Lyttelton, the principal port of the province, and one of the oldest towns, has a population of 2,551. It contains numerous buildings--many being of stone and of a very substantial character. Among these may be named the English, Presbyterian, and Catholic Churches; the banks; the Borough Schools; and some of the merchants' stores and warehouses.

The town is pleasantly situated on the slope of the hills, about five miles from the heads. The harbor accommodation has been improved from time to time, and the Provincial Government is about to spend £150,000 in further improvements. It is easy of access, and may be entered by a stranger without difficulty. On Godley Head, the northern promontory, there is a Lighthouse. The granaries, Railway Station, wharves, &c., are on a scale of considerable magnitude. The

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town is about to be lighted with gas. A little distance from the town is the Orphanage. Branches of the Union Bank of Australia, and the Bank of New Zealand have been established in Lyttelton for a long time.


Kaiapoi, situated on the Waimakariri (a navigable river), was formerly the shipping place for the northern district of Canterbury; but since the opening of the Railway, it has been brought within twenty minutes' journey from Christchurch, and most of the produce is sent by rail. It is the centre of a large farming population, and is a rising towrn, with 868 inhabitants. There are two churches, besides many large stores, a brewery, flax mills, flour mills, and other indications of progress. The land on Kaiapoi Island, a large tract included in a loop of the river, is said to be among the richest for agricultural purposes in Canterbury. The Government are about to erect a large brick school for the district.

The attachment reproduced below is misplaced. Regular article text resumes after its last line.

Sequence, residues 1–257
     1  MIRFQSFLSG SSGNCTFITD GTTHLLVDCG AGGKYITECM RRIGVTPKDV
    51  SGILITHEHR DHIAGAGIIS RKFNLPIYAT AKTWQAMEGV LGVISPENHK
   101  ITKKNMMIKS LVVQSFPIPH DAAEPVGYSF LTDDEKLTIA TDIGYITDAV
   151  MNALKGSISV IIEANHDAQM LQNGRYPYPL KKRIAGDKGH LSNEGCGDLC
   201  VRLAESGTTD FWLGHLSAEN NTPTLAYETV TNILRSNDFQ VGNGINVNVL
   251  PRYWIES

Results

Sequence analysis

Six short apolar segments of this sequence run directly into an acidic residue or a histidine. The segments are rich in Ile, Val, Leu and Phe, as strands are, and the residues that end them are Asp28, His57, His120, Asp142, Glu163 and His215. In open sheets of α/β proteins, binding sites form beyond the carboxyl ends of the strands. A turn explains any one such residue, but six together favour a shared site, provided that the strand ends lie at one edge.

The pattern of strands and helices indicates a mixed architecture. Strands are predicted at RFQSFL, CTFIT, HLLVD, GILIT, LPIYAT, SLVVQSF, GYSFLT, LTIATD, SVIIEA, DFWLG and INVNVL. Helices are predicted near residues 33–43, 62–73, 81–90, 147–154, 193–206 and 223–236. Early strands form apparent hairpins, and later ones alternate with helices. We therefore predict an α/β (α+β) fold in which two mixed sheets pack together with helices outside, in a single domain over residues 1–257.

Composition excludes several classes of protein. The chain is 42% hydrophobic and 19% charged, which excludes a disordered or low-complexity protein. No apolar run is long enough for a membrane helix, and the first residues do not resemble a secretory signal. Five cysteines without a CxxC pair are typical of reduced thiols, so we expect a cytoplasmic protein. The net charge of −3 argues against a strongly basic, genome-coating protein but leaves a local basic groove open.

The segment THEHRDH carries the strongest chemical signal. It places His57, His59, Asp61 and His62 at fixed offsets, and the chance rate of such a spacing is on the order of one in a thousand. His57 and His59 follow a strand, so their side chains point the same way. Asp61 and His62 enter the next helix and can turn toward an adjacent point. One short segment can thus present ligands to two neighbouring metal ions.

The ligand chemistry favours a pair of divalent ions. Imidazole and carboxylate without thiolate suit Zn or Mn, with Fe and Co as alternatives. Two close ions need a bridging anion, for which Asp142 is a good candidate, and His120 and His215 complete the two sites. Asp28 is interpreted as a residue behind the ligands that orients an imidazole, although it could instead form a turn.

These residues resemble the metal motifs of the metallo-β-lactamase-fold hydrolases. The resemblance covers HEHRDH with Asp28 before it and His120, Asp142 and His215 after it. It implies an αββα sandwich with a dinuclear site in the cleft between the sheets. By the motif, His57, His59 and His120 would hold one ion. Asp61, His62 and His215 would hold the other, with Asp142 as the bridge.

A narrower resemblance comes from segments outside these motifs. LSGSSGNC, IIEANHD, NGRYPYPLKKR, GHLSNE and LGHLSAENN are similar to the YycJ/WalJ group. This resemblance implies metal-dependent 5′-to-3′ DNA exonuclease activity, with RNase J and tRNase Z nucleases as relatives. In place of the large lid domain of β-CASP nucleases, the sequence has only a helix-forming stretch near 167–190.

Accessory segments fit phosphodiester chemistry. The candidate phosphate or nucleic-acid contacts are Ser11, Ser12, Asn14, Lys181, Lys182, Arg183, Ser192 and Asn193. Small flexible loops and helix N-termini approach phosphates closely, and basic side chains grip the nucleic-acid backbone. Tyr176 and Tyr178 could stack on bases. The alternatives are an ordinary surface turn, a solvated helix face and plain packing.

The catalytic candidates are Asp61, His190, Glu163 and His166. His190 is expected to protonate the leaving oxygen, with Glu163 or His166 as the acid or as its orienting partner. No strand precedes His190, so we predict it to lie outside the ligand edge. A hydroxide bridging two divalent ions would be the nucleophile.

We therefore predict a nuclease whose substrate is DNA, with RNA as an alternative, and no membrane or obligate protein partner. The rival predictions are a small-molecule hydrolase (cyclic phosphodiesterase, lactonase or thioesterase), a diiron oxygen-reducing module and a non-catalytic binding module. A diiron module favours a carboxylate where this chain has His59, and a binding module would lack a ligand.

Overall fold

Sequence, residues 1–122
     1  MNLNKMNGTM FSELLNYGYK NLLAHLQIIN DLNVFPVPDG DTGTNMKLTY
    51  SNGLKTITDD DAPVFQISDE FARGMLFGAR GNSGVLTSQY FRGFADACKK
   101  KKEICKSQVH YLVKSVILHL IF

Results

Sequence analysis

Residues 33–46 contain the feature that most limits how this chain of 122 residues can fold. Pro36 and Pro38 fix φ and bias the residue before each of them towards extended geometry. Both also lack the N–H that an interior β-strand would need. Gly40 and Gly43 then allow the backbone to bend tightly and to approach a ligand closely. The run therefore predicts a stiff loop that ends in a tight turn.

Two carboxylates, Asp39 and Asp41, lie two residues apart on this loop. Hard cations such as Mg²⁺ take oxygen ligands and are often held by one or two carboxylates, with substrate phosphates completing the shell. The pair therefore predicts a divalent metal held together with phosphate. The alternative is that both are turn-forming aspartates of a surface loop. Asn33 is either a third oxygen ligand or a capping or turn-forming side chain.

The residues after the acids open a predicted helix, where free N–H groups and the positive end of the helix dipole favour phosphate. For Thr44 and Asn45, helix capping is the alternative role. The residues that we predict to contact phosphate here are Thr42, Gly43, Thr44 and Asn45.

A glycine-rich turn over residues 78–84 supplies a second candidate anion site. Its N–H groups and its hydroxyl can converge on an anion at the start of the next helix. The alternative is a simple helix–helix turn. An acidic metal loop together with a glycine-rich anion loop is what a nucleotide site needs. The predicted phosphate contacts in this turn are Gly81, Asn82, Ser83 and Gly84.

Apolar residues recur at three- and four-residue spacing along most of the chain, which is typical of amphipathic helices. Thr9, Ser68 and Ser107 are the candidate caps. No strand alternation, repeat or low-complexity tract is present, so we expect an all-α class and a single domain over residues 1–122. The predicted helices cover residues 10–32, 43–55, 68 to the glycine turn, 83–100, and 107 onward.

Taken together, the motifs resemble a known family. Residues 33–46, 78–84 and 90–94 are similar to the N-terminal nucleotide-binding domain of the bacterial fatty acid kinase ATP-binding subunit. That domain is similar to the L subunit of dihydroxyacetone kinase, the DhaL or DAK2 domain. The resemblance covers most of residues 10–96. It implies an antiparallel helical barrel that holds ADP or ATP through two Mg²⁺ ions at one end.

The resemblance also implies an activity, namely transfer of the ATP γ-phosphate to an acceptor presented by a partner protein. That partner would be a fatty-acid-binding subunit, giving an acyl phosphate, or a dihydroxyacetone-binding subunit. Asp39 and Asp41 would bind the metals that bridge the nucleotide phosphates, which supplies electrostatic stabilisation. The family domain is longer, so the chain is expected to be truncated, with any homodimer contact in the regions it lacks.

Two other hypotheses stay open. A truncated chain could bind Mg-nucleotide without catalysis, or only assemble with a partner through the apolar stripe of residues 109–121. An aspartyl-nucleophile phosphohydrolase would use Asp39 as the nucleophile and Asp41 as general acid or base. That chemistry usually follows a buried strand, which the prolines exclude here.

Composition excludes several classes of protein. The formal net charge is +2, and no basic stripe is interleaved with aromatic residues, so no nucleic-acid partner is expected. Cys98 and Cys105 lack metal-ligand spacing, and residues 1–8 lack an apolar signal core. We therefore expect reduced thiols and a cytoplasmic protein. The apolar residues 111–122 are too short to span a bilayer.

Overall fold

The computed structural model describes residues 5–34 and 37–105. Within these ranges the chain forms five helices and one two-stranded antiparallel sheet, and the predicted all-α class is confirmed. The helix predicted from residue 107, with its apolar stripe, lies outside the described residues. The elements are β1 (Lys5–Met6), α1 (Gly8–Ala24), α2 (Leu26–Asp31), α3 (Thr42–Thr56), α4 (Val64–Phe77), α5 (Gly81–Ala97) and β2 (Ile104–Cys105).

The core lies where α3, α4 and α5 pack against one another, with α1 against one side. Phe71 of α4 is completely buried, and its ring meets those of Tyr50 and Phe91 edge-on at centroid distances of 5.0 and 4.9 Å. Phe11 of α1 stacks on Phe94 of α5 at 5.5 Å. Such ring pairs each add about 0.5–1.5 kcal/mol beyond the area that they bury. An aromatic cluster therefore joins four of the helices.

Rangiora, six miles further north, on the line of railway, had, at the time of the last census, a population of 763, but has since greatly increased, and is now a rapidly rising place, in consequence of the railway passing through it. Several large and substantial buildings have been recently erected. A tramway is being made to Oxford, a district of great importance, not only on account of its agricultural and pastoral resources, but also because of the timber obtained there.


Akaroa, the principal seaport of Banks' Peninsula, is the oldest town in Canterbury, having been originally established by a French Company in 1840. The harbour is one of the finest in New Zealand, embosomed in hills; and the scenery around is exceedingly beautiful. There is constant steam communication with other parts of New Zealand; and a coach road has recently been made, connecting the town with the plains. The climate is very mild; and in summer Akaroa is a favorite resort of visitors from other parts of Canterbury.

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The country around is well timbered and grassed. The principal business of the place is the supply of timber, fruits, cheese, and dairy produce, to all parts of the colonies.

The numerous bays and harbours of the Peninsula have a scattered population, engaged in the timber trade, dairy-farming and grazing.


Timaru, the principal town of the southern district, is situated on the sea coast, and contains 1418 inhabitants. It is a port at which steamers call on their way north or south, and has considerable trade in wool and grain. The Southern Railway is now in course of construction; and when completed, will place Timaru in immediate communication with the northern portion of the province. There are branches of three banks, whose stone buildings are amongst the finest in the place. The buildings generally are of a substantial character, many of them being of brick and stone, and possessing some architectural pretension. Waterworks are being constructed, for the purpose of supplying the town and irrigating the country. Among the industries in operation, may be mentioned flour mills, a meat-preserving company on a large scale, fellmongeries, breweries, &c.